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Int J Pediatr Otorhinolaryngol. 2012 Nov;76(11):1565-8. doi: 10.1016/j.ijporl.2012.07.011. Epub 2012 Aug 9.

Middle ear ventilation in children with primary ciliary dyskinesia.

Author information

1
University of Toronto, Department of Otolaryngology-Head and Neck Surgery, Hospital for Sick Children, Toronto, Ontario, Canada. nikolaus.wolter@utoronto.ca

Abstract

OBJECTIVE:

Otitis media with effusion (OME) in children with primary ciliary dyskinesia (PCD) is recurrent and persistent and presents a complex clinical problem for otolaryngologists. We sought to review the otological presentation of children with PCD treated medically and surgically and to compare audiological outcomes and complications of surgical and medical management in children with PCD and correlate these findings with known PCD ultrastructural ciliary phenotype.

METHODS:

A retrospective review was performed of all patients with PCD and OME presenting from 1991 to 2009. Patients were grouped into "medical management" and "ventilation tube (VT) insertion" groups to observe changes in hearing and post-operative complications.

RESULTS:

Of 31 patients with PCD and OME, 20 received VTs and 11 were treated by medical management strategies. A median of one set of VTs (range 1-5) were inserted per patient. Hearing thresholds improved to normal (<25 dB HL) in 80% ears with VTs (mean improvement from 27.1 dB to 22.1 dB (p=0.034)), whereas patients managed medically had stable thresholds (22.7-23.6 dB (p=0.397) over the study period. At least one episode of post-operative otorrhea occurred in eight (42.1%) VT insertion patients during the study period, and four had multiple episodes. We could not demonstrate any differences in post-surgical outcomes between patient groups based on ultrastructural ciliary phenotype. Otorrhea was well controlled with medical therapy with only one requiring tube removal. Bilateral cholesteatoma was found in two patients.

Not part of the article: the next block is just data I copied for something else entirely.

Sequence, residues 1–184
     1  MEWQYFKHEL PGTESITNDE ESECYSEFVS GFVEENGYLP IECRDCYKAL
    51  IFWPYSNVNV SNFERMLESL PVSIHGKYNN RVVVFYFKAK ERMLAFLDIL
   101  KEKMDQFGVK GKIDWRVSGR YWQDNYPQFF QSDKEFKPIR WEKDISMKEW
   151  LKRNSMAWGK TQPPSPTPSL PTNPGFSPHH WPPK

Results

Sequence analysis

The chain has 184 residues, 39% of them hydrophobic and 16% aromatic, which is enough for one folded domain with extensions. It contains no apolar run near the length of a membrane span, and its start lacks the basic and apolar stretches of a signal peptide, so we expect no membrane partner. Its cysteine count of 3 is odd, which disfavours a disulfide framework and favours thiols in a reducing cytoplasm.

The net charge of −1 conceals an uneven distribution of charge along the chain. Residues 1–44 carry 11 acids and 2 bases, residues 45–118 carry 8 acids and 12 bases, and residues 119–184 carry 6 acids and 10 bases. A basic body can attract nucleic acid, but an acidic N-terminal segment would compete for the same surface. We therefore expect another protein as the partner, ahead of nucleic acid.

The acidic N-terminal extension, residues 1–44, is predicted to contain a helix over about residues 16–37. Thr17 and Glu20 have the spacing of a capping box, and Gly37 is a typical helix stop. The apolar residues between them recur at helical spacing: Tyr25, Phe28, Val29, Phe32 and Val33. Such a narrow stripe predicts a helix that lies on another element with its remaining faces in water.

CONCLUSIONS:

Our data support the use of VT insertion as an option for patients with PCD and OME with mild to moderate hearing loss. Patients should be counseled on the possibility of multiple insertions and the likelihood of post-operative otorrhea, although this was not very troublesome in our group. Ultrastructural ciliary phenotype did not appear to alter the likelihood of post-operative otorrhea in our series. Cholesteatoma should be considered as a potential cause of otorrhea in PCD.

PMID:
22883987
DOI:
10.1016/j.ijporl.2012.07.011
[Indexed for MEDLINE]

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